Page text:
Detachment is really, really hard (or I got in trouble with HR)


The concept of detachment has been a recurring them throughout this project. The Stoics were, of course, huge advocates of the concept, and every religious tradition I’ve explored since teaches some form of it.

So you would think that after 6 months or so of studying detachment in various traditions that nothing in the world can bug me.

I wish…

Yesterday I got in trouble at work.

I helped deliver a quick workshop to my co-workers about writing self-assessments (you know, those things you write about your performance for your performance review). I thought it was fine. I was unprepared, but it was fine.

A few hours later I get an e-mail from my boss saying “The HR Director and I would like to meet with you tomorrow to give you some feedback on the workshop.”

That’s never good.

I was trying to think of what I said in this workshop that could have annoyed our HR Director and I narrowed it down to one thing.

During the course I mentioned that research shows women tend to underrate themselves, while men tend to overrate themselves, and to avoid that effect, it’s important to stick to results when writing self assessments.

That must have been it! Talking about the differences between men and women, if you’re not a woman, offends the corporate moralists.

And then I got angry.

I thought about how stupid it was that someone could be offended by fairly conclusive research that is actually relevant to my coworkers’ performance review.

I then imagined storming out of the meeting in a fit of righteous anger spouting out salient and insightful points about political correctness hindering our ability to have open discussions.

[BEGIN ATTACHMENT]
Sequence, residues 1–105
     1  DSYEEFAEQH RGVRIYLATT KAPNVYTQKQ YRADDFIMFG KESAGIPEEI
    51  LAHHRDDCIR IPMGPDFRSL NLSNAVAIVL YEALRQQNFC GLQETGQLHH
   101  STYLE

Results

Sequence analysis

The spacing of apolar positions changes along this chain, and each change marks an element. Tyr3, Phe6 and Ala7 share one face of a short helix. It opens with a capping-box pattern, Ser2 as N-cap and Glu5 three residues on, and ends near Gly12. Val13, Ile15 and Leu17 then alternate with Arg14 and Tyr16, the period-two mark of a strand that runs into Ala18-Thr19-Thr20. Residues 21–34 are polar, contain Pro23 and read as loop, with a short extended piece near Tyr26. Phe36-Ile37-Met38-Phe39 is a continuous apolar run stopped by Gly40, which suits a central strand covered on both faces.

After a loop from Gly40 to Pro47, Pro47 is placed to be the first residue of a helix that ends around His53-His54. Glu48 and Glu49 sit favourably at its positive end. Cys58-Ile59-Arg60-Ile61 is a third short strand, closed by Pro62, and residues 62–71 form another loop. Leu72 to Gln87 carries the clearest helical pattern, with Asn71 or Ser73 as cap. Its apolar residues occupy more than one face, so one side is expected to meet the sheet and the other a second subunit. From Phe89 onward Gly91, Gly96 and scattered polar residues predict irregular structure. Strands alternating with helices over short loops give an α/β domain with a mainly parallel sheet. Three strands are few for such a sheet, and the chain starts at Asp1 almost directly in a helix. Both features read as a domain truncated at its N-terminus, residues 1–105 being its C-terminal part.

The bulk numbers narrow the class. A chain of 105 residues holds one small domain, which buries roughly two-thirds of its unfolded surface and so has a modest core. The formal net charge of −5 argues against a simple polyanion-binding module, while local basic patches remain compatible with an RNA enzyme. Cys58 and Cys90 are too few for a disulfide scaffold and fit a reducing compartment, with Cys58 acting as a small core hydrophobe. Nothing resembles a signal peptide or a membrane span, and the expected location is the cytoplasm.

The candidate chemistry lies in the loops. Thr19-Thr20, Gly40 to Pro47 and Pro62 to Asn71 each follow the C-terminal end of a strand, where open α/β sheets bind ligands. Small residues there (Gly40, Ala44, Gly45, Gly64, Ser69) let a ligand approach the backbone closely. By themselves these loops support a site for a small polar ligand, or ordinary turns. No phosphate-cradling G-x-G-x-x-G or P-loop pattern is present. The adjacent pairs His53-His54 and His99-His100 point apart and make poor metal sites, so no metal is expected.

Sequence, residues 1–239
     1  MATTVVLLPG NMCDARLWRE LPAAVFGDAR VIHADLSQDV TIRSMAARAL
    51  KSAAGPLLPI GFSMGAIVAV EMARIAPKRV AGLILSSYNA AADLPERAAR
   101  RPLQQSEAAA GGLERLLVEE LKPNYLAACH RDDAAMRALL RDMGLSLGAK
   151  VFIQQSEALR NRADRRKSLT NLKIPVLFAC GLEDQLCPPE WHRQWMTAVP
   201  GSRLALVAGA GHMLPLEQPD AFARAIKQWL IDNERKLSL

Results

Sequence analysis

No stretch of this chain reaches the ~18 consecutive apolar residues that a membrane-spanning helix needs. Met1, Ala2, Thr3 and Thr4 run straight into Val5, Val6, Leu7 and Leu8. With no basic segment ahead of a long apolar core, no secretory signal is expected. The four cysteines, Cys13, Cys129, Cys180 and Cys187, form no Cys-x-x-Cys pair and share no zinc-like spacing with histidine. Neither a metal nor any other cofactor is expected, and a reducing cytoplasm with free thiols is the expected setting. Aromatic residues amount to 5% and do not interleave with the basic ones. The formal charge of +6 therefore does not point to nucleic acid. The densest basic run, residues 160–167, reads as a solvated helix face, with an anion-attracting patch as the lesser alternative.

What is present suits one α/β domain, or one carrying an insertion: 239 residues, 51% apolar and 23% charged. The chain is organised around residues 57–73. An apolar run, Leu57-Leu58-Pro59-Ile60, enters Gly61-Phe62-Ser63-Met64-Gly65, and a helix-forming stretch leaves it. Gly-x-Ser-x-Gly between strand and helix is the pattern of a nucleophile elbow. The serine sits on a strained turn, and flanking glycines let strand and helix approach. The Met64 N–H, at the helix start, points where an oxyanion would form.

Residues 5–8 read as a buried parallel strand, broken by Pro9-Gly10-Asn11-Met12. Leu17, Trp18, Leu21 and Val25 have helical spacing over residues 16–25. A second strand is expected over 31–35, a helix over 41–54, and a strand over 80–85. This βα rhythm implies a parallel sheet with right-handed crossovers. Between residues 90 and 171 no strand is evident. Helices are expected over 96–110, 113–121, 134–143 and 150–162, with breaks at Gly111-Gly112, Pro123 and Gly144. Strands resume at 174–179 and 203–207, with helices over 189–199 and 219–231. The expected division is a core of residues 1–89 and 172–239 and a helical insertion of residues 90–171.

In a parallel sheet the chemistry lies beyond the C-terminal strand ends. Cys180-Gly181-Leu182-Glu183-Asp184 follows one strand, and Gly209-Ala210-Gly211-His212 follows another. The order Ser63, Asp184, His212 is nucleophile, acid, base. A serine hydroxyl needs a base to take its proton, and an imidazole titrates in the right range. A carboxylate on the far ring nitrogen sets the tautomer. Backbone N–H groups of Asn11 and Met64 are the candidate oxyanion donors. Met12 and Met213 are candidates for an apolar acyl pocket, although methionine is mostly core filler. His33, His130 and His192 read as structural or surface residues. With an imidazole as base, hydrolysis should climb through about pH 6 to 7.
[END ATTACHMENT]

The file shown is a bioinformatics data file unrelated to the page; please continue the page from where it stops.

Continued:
I continued brooding until my meeting the next morning.

When I arrived at the meeting, my boss and HR Director acted pleasant as usual (everyone at my company is unusually pleasant, kind of like Stepford Wives).

Then they started their “feedback” session.

“Hi Dale, thanks for coming in. We’d like to talk to you about the workshop yesterday.”


“Well I received a call from Joanne [Note: Joanne is another manager at the company who was at the workshop. I changed her name for anonymity] and she said you started off the presentation by asking the participants ‘What do you all find sucky about the self-assessment process?’”


“Well we believe that was in poor form and didn’t show proper respect for the performance management process at ACME which we work really hard on and blah blah blah….”

I won’t go into the whole conversation, but basically, the HR Director didn’t want to associate the word “sucky” with the performance management process she created. Surprisingly, it wasn’t about the research I cited.

In any case, I think she and Joanne are being overly sensitive.

This seems like a fairly trivial incident at work, but in my mind, it wasn’t.

It brought up a whole range of emotions from anger, to despair (about being stuck working with idiots), and existential angst (what’s the point of working?). It forced me to contemplate the type of person I was (am I someone that does things his way or am I someone that eats shit for a paycheck?) It also made me seriously consider quitting. Like, immediately, not in the near-future.

It was the opposite of being detached, it was emotional over-attachment!

I’ve become fairly good and letting little things go. If someone cuts me off on the highway, it doesn’t bother me for that long. If my flight gets delayed, no big deal.

But occasionally something happens to you that, for some reason, cuts really deeply.

In this particular case, my HR scolding upset me not because I thought this particular incident was especially troubling, but because it was so wrapped up in my deeper attitudes towards my work and myself.

It’s no secret that I don’t like my job, so of course, this incident (in my mind) is representative of everything that’s wrong with the company.

I also (probably falsely) view myself as an independent thinker and actor, and I resent having to misrepresent the way I view things to others. I think it’s dishonest.